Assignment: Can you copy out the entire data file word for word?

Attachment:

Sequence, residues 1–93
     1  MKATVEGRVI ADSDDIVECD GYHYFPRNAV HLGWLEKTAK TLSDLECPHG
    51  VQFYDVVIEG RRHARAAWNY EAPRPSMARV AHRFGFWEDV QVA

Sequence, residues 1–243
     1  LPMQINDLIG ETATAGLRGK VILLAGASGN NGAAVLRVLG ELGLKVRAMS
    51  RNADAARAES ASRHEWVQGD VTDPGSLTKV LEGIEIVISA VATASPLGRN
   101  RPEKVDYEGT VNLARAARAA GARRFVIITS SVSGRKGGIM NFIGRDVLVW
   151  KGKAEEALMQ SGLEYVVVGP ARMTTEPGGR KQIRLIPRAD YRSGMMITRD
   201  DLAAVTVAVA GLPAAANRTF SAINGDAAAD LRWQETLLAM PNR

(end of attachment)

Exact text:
Sequence, residues 1–93
     1  MKATVEGRVI ADSDDIVECD GYHYFPRNAV HLGWLEKTAK TLSDLECPHG
    51  VQFYDVVIEG RRHARAAWNY EAPRPSMARV AHRFGFWEDV QVA

Sequence, residues 1–243
     1  LPMQINDLIG ETATAGLRGK VILLAGASGN NGAAVLRVLG ELGLKVRAMS
    51  RNADAARAES ASRHEWVQGD VTDPGSLTKV LEGIEIVISA VATASPLGRN
   101  RPEKVDYEGT VNLARAARAA GARRFVIITS SVSGRKGGIM NFIGRDVLVW
   151  KGKAEEALMQ SGLEYVVVGP ARMTTEPGGR KQIRLIPRAD YRSGMMITRD
   201  DLAAVTVAVA GLPAAANRTF SAINGDAAAD LRWQETLLAM PNR